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Medical Journals Have a Bad Case of Ideologyitis

(Sergey Tinyakov/Getty Images)

I guess sticking to medical science is boring for the editors of the world’s foremost medical journals. Once-august publications such as the New England Journal of Medicine and The Lancet are infected with a bad case of woke politics — let’s diagnose it as “ideologyitis” — and increasingly devoting their pages to political screeds and ideological advocacy pieces. They promote politically progressive policies such as critical race theory, transgender movement agendas, gun control, and harsh approaches to stifling global warming.

The Lancet is really into the global-warming hysteria, publishing pieces “to drive transformative changes in all sectors of society” by urging governments to deploy heavy-handed approaches to the global-warming cause which would include attacks on the meat industry or enforce supply constraints that would dramatically raise energy prices. A recent Lancet article argues (emphasis added):

The urgent challenge of achieving net zero carbon emissions by 2050 at the latest presents an opportunity to drive transformative changes in all sectors of society. Well designed actions to cut greenhouse gas (GHG) emissions could bring major benefits for health, by both reducing the health risks of climate change and delivering multiple benefits to human health and development (co-benefits).

Modelling studies estimate that many millions of premature deaths could be prevented and GHG emissions greatly reduced by phasing out fossil fuels, thereby reducing air pollution, and by encouraging active travel, increasing use of public transport, and shifting to sustainable and healthy diets. Further benefits could accrue from efficient, well ventilated housing and from efforts to develop net zero health-care systems. There is also great potential to achieve health and climate benefits from nature-based solutions, including green space in cities, reforestation, and reduced deforestation and agroforestry. However, these potential benefits will only be realised by addressing key barriers and challenges.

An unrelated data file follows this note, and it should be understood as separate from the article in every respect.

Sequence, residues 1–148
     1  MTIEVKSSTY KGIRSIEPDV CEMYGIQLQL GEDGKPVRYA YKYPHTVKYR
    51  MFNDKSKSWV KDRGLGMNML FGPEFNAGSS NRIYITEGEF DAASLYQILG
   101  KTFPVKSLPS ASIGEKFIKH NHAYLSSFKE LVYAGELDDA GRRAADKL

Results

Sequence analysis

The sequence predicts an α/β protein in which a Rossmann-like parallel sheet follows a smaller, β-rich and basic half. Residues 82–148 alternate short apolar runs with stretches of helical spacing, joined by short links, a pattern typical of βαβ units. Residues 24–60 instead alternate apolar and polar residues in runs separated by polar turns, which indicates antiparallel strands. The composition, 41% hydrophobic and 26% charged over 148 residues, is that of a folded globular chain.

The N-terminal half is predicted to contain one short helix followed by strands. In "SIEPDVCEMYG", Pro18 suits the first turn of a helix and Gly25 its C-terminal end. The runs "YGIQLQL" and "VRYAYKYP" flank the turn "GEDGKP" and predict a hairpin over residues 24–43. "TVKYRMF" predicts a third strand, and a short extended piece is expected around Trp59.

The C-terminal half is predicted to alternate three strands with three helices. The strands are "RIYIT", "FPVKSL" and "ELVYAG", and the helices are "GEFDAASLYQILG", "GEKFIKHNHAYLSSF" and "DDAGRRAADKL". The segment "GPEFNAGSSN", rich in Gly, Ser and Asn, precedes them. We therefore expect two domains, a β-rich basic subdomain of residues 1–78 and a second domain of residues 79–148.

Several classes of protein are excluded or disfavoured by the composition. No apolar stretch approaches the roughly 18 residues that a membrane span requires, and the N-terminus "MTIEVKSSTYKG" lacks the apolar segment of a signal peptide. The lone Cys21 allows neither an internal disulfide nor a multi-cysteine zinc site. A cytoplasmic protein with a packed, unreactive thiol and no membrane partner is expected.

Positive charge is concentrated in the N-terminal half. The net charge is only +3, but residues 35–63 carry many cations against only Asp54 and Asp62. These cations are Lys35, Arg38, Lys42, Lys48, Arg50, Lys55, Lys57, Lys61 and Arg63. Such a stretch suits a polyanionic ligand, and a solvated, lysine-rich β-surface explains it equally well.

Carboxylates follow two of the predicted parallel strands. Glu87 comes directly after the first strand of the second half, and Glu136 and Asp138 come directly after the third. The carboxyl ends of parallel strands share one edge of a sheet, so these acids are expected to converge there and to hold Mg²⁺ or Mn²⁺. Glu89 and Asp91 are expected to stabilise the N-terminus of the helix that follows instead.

The idea is to treat climate change as a public-health emergency similar to COVID, thereby allowing for the deployment of coercive policies to reach “net zero” emissions by 2050 — meaning that they would not end for decades, if ever, because we will never get to a world without some carbon emissions:

The COVID-19 pandemic has resulted in support for public health action in many countries. Further, health professionals have become mobilised to support climate action. To build on this momentum, the research community should harmonise approaches to assessing and modelling the health benefits, co-benefits, and trade-offs of climate action—eg, use of standardised, consistent timescales and metrics so that research is more useful for policy and practice. All nations should include health in their nationally determined contributions under the Paris Agreement, including quantitative estimates of the health benefits of climate action.

Meanwhile, a different article published by The Lancet at the same time urges attacks on the meat industry:

Key related areas also must not be neglected, notably food systems. The food sector accounts for around 30% of global greenhouse gas emissions, and food systems are inextricably entwined with climate change at every level of production and consumption, including livestock and agriculture, land use, and the health co-benefits of better diets. This year, the first climate famine has been documented in Madagascar, with more than 1·14 million people in a state of famine. In September, 2021, the UN General Assembly Food Systems Summit defined raising awareness of food systems and transformation of diets as key goals for the health of both people and the planet.

With these journals increasingly devoting their limited space to ideological tracts, that would seem to mean less attention devoted to articles dealing with actual science. And perhaps less funding to support true medical research. That’s both jurisdictional imperialism (by bringing what are primarily non-medical issues under the health-policy umbrella) and a potential stifling of medical advancement.

Bottom line: Until these journals get out of politics and return to their actual purpose of informing the medical sector about new treatment modalities and research results full time, trust in public-health policy will continue to erode.

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